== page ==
The Place for Alternative Cancer Treatment
The real genetic baggage we’re carrying is epigenetic. These genetic changes are in fact reversible in one generation through lifestyle changes.
The scientific community is excited and chilled about epigenetics, perhaps the most important breakthrough since the genome, because it shifts the paradigm from nature to nurture. In other words, we no longer can blame our genes; we must take responsibility for our behavior.
There’s evidence that lifestyle choices like smoking and overeating can change the epigenetic marks to cause the genes for obesity to express themselves too strongly and the genes for longevity to express themselves too weakly. We all know you can truncate your own life if you smoke or overeat; what’s chilling is that those same behaviors can also predispose your kids—before they’re even conceived—to disease and early death.
What’s exciting is that if you change your behavior, your genes change too! A bad habit by our parents or ourselves epigenetically programs our genes to work against us. By improving our habits we can epigenetically reprogram genes to work for us with the added advantage that we will bestow upon our next generation a better epigenome.
For years we’ve fought the concept that we’re inheriting bad genes, especially for breast cancer-prone families. We maintained that what these women were inheriting was bad habits and family cookbooks. Though we have accepted that we inherit high-risk genetic traits, because of these findings we feel partially vindicated; what’s passed on to us are un-mutated genes, epigenetically altered by our ancestors’ habits.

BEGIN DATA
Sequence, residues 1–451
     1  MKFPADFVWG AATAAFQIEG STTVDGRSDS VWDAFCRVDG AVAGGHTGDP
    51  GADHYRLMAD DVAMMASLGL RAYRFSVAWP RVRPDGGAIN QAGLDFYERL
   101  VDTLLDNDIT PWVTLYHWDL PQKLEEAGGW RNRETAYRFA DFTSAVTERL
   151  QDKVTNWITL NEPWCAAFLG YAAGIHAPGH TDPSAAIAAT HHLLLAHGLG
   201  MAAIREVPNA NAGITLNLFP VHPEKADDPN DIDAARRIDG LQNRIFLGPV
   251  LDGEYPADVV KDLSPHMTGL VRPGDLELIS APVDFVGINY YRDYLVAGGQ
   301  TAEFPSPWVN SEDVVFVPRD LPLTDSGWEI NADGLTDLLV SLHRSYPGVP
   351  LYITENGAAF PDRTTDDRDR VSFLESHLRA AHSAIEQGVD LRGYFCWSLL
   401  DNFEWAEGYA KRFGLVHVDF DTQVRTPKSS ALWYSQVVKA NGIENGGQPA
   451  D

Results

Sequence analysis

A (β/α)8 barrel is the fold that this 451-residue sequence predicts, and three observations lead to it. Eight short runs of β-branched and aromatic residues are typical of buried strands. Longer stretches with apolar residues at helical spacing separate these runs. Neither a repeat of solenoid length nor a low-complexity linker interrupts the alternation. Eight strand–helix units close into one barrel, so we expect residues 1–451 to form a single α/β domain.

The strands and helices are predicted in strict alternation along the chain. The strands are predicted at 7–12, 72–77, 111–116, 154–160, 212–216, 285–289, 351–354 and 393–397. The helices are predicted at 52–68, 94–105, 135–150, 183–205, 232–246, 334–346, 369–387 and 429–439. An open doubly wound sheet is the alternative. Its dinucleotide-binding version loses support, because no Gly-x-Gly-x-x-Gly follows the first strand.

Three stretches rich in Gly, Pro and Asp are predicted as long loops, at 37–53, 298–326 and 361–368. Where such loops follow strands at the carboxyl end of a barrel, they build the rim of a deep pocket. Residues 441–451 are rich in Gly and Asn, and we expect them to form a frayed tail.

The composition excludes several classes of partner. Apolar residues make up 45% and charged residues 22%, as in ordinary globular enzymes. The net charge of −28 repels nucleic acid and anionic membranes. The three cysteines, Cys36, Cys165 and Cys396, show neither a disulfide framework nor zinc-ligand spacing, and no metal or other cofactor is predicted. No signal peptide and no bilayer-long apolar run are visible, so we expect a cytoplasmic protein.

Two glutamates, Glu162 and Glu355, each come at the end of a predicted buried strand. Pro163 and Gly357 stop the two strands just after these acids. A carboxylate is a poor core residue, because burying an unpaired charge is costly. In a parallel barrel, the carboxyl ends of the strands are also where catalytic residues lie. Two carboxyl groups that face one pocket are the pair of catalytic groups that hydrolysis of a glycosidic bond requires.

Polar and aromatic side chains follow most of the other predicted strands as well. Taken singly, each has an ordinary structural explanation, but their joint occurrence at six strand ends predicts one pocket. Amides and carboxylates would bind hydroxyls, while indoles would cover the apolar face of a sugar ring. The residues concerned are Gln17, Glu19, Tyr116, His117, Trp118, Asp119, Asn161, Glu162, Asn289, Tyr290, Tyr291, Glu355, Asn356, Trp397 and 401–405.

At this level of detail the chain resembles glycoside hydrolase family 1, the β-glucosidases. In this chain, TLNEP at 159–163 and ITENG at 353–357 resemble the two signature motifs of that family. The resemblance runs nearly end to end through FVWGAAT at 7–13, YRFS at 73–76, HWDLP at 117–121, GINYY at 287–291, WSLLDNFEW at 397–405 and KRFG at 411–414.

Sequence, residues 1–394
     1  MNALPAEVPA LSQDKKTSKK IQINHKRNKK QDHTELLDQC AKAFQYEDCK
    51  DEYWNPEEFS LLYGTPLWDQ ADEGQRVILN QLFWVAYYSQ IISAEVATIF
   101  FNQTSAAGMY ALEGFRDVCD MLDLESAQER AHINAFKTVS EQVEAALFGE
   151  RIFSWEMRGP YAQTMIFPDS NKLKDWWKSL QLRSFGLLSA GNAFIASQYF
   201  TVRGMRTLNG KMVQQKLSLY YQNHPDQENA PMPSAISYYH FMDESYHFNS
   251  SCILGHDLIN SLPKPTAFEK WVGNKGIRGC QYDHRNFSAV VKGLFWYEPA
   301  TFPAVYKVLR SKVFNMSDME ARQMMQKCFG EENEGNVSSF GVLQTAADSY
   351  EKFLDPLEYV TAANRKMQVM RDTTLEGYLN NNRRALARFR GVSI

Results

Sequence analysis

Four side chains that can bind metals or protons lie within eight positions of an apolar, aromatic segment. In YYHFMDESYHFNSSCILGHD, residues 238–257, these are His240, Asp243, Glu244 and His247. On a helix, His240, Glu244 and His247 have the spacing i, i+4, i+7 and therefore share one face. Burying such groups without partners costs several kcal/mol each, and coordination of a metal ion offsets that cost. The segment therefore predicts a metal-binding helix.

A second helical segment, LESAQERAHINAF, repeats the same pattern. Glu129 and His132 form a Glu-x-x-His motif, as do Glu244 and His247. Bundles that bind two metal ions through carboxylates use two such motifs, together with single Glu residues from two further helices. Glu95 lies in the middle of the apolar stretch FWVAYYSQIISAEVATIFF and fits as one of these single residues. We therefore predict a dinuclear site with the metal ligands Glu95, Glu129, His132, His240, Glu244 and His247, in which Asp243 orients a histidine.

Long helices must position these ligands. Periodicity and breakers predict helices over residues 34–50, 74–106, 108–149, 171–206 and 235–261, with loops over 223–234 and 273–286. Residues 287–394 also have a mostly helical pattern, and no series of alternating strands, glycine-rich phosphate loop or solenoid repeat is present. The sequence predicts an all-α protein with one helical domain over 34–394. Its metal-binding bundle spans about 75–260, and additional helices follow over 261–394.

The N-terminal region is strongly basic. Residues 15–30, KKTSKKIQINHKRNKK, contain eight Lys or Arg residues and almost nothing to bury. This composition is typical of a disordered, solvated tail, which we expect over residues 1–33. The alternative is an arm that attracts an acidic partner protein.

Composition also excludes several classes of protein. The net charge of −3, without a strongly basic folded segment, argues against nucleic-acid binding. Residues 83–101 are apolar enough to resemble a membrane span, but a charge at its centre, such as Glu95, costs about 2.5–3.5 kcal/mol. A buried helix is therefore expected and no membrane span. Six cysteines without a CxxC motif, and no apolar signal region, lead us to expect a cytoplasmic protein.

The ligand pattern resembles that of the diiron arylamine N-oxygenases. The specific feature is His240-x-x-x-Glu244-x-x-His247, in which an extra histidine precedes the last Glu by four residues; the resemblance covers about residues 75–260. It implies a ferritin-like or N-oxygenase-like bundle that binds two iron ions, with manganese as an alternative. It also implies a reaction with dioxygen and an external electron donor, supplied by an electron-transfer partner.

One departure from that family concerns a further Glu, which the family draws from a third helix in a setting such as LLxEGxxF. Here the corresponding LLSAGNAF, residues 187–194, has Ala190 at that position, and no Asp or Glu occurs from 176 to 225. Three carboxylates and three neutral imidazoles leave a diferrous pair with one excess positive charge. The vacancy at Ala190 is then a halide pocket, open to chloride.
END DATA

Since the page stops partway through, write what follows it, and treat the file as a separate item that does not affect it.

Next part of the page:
Normally we do adopt, implement, and pass these on—but we can change all that! Even if our destiny were written in our DNA, we can rewrite it by espousing diet, lifestyle, and environmental changes to switch on genes that promote health and switch off genes that lead to diseases.
One way in which we strive to suppress tumor growth is by decreasing blood levels of certain pro-growth hormones, such as insulin, free IGF-I, and free estrogen, that promote increased growth and survival of many types of cancer cells.
This is achieved with a lifestyle program that stresses a low fat, wholefood vegan or quasi-vegan diet, a regular program of aerobic exercise training, such as brisk walking, and a reduction of excess body fat in overweight patients fighting cancers in which obesity has a known negative prognostic impact.
Oasis of Hope thus recommends its cancer patients to modify their lifestyles in ways that will reduce their blood levels of insulin and free IGF-I.
This recommendation is of importance for patients with breast, colorectal, or prostate cancer. More and more, epidemiology suggests that one can greatly lower the risk for certain cancers by measures such as:
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